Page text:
Our newspaper has a Sunday feature in the Points section called Point Person. It’s a question-and-answer session with a person in the news or a person with an interesting perspective on life or current events.
This week my bosses asked me if I’d see about doing the Q&A with Williamson County District Attorney John Bradley, who chairs the Texas Forensic Science Commission. The subject would bethe commission’s handling of the Cameron Todd Willingham case.
Bottom line: no dice.
I’m appending below 1) the questions I sent along, 2) Mr. Bradley’s response, 3) my response to his response.
1. Your handling of the Cameron Todd Willingham case has been faulted as heavy-handed and politically motivated. What do you say to your critics?
2. Draft recommendations to the Texas Forensic Science Commission appear to have reached a foregone conclusion of no negligence by arson investigators in the Willingham case. Will the final report go beyond this finding?
3. The law says the commission’s final report on a negligence case must address “corrective action required by the laboratory, facility or entity” involved. Is the commission obligated to assess whether the State Fire Marshal’s Office has upgraded standards?
4. The recommendations clear Willingham investigators of negligence because they used forensic techniques accepted at the time. Yet the commission’s paid expert said investigators didn’t meet even that standard. How do you square the two?
5. Experts say hundreds of arson defendants have been convicted based on similarly outmoded standards. How should the commission or state fire marshal address that claim?
6. Why did the committee of four commissioners working on the Willingham case meet in private? Shouldn’t the public be aware of factors that members weighed in recommending no negligence?
7. Will the committee draft the final report in public?
8. What is your opinion of the role of Barry Scheck and the Innocence Project of New York in the Willingham case?
Bradley’s reponse, via email, to the questions and interview request:
The questions have the distinctive vocabulary of a New York lawyer, filled with the sort of leading statements that would cause any Texas judge to sustain an objection on the grounds of “leading” and “propaganda”. Regardless, the Forensic Science Commission has unanimously adopted policies and procedures that state, “FSC members and employees shall avoid discussing the details of pending matters with the media, except upon final disposition of those matters.”
My response to Mr. Bradley, though his commission office:
Please let him know that I am neither a lawyer nor from New York. I neither sought nor got help from Barry Scheck’s group in formulating my questions. I asked a question specifically about Scheck because my boss wanted me to.
My interest in bill language is not confined to criminal justice issues. I try to read the fine print so I can minimize the number of really dumb or naive questions I ask.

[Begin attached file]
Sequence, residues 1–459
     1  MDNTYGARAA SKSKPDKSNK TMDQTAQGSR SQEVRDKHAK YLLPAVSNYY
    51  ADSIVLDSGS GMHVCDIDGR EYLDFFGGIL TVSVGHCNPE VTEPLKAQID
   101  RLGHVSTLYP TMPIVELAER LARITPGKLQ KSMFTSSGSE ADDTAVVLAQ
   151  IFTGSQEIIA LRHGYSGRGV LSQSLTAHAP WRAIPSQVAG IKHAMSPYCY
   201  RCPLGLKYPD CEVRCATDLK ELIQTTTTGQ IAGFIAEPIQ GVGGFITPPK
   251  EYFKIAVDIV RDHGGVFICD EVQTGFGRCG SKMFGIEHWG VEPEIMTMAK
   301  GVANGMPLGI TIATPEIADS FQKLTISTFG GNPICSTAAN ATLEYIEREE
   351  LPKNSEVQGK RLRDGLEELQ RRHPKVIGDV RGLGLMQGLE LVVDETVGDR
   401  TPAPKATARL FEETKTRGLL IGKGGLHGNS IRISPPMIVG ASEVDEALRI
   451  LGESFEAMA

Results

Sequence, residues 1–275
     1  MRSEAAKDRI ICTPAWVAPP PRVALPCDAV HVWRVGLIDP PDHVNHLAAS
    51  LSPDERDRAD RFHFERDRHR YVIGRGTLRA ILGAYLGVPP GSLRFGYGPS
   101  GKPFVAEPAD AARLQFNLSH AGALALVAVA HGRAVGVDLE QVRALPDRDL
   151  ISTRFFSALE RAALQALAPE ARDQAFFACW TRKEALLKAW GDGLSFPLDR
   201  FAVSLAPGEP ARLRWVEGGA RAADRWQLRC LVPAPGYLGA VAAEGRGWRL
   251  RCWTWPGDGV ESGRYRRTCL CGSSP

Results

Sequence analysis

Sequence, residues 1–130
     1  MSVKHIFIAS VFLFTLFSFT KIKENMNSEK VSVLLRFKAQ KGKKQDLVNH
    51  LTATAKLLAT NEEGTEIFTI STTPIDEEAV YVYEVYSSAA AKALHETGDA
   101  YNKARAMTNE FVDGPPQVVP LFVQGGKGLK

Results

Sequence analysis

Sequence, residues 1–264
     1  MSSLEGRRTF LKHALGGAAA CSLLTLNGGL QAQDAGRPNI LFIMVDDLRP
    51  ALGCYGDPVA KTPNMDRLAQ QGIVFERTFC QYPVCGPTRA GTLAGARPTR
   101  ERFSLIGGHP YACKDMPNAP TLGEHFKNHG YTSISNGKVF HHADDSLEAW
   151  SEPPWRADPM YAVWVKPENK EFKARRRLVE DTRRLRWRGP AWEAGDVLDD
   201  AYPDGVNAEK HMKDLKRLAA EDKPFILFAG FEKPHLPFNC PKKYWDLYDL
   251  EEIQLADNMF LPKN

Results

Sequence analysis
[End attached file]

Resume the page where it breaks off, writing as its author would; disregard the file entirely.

I realize the commission intends to confine its attention to “accredited,” DPS-recognized facilities and entities that do forensic work. I read the memo. My questions about a more expansive role stem from 1) statements from lawmakers who support a more expansive interpretation, and 2) the fact that the commission undertook the Willingham case, which involves no DPS-accredited lab.
Again, thank you for your time.
Still, the commission’s own draft recommendations last week conceded that they are in new territory in the Willingham case and should carry forth and finish the job, as it were:
While the panel recognizes that jurisdictional problems remain to be resolved, they also recognize that the FSC has previously voted to accept the complaint and conducted an investigation through a paid consultant. In addition, the panel recognizes there is great public interest in the case. So, while the jurisdictional issues (See 7.12.2010 Memorandum on the Jurisdiction of the FSC) need to be addressed and applied more clearly in future cases, the panel nonetheless makes the following recommendations for disposition of the complaint:
Relying upon the consultant’s report as to the standard of practice in existence at the time of the arson investigation and trial, the panel unanimously believes that the arson experts did not commit professional negligence or misconduct. The expert simply applied the standard of practice as it existed at the time of the investigation and trial (See Beyler Report Pg. 1). We do recognize that a new standard of practice has since evolved and been adopted for application in Texas. However, that standard was not yet adopted for practice at the time of the arson investigation and trial.
So my questions remain, I think, pertinent ones. If the commission has undertaken the Willingham case, should it not finish the job in as complete and comprehensive a manner as possible?
If my questions were dumb despite my best efforts, I’d love to know.
Finally, I should plead guilty to Mr. Bradley’s complaint about my questions. They weren’t meant to be nice. Accusatory, yes. But that’s my role, and this Willingham business isn’t about niceties.